On “baby food” and baby’s food.
Did my approach to her early weaning influence the eater she is and is becoming? Will she someday be as discerning (read: picky) as her big sister? No, and probably yes-but-maybe-not. These kids, they are who they are. It only took me four years to realize that no parent can make their child eat or sleep or poop in any particular way without that child’s consent. So around here we have a variety of foods to suit, within reason, everyone’s tastes. Every day is different, and, once in a while, we all eat the same meal. That in particular feels rather amazing and wonderful.
What follows was written when Ripley, now one, was just six months old:When Finch was a baby I didn’t “believe” in baby food. That is, I decided that our baby could eat what she could eat of what was already around and made, with some baby-friendly modifications like changing the texture or the seasoning, and that we did not need to bother too much with pureed food. My memory is hazy. There were mashed bananas for sure, and possibly some sweet potatoes. I remember black beans all over her face and lots of fruit in the summertime that, by then, she could just mash in her own little maw. I fancied I was raising a culinarily hip little person who would not eat “baby” food, but rather, just food. And there would never be some awkward transition from mashed carrots to chicken nuggets to Pad Kee Mao. That didn’t happen. She’s picky as picky these days. I’m sure skipping “baby” foods for some people works fine, and there is no way to know if that had any effect on Finch’s dietary habits (probably not).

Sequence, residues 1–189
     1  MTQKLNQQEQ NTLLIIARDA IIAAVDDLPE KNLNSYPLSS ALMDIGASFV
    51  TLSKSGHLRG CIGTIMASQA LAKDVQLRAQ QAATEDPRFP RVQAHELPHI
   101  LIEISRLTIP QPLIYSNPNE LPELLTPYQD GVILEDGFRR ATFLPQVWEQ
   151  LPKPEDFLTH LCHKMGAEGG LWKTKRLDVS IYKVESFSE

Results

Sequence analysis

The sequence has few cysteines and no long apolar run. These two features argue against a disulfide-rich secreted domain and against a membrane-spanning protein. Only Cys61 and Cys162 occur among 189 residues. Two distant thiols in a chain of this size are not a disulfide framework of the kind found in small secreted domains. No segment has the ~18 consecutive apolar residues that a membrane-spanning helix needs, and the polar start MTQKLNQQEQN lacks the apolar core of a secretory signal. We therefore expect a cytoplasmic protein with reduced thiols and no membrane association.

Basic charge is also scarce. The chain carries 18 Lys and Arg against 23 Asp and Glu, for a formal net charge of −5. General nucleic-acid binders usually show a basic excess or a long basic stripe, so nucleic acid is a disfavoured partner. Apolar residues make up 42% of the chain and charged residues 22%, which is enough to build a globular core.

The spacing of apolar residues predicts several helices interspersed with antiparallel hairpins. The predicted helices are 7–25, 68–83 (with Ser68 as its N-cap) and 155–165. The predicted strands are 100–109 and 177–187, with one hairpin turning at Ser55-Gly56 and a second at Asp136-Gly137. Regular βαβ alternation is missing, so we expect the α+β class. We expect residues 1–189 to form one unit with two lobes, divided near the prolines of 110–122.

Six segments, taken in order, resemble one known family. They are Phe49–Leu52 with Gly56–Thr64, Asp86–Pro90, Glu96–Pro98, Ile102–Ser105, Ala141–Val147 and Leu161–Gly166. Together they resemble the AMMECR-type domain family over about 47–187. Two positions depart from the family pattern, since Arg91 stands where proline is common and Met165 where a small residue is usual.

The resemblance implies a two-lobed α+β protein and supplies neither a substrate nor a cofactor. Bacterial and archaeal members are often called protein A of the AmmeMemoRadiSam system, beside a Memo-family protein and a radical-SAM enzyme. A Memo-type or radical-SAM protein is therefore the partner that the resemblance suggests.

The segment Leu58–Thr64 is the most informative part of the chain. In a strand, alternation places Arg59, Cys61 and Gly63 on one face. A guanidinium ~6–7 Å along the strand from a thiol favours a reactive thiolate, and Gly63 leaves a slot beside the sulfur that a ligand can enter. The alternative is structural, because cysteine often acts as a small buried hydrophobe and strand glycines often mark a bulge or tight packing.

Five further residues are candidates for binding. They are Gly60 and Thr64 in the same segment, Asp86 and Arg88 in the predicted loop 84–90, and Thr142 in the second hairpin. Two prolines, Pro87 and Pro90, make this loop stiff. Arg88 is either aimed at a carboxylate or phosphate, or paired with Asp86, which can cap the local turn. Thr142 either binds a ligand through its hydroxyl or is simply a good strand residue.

Now Ripley is six months old and eating some solid foods and I’ve decided to have fun with it, darn it. We started with bananas, because that Chiquita commercial in the 80s that claimed bananas were “quite possibly the world’s most perfect food” really stuck with me. Now she eats avocado, hard squash, yams, peas with mint, broccoli, mango, and, most recently, egg yolk as well. She loves eating the mushes. When we first began she would scream in her high chair in between bites, a protest to my needing more than zero seconds to reload her tiny plastic spoon. When I am feeding her, she leans in, grabs the spoon, and then happily maws away until there is nothing but mouth juices left, the throws it back, over her head, onto the floor. When we are really in our groove, she looks as if she’s been in a monsoon of mango, a whirlwind of winter squash. It is an awful mess, but I am trying to be cool with it. Let her experience it, I tell myself over and over when I feel the urge to grab the spoon from her tiny, pudgy hand, let her learn that maybe she does not want to stick all of the tiny hairs on her tiny head together with sticky banana goo.
Ripley is enthusiastic about eating in a way that Finch never was as a baby. Finch was all about nursing, all of the time, no matter what else was available. Today, Ripley refused to nurse in favor of some yam. Plain old yam! I am more gratified in running vegetables through the food mill for this baby than I have been in trying to pull suppers together for the rest of us lately. The rest of the family cannot compete with the simplicity of her “meals,” with the unmasked enjoyment she expresses when she eats. I know that it isn’t just about tasting and swallowing. She is glad to be at the table with us, participating. Not just nursing while I have a taco, or being given some dumb baby toy for distraction; with the introduction of these simple foods, she has joined her family at one of the most important places in our home, sharing in our ritual, three times a day.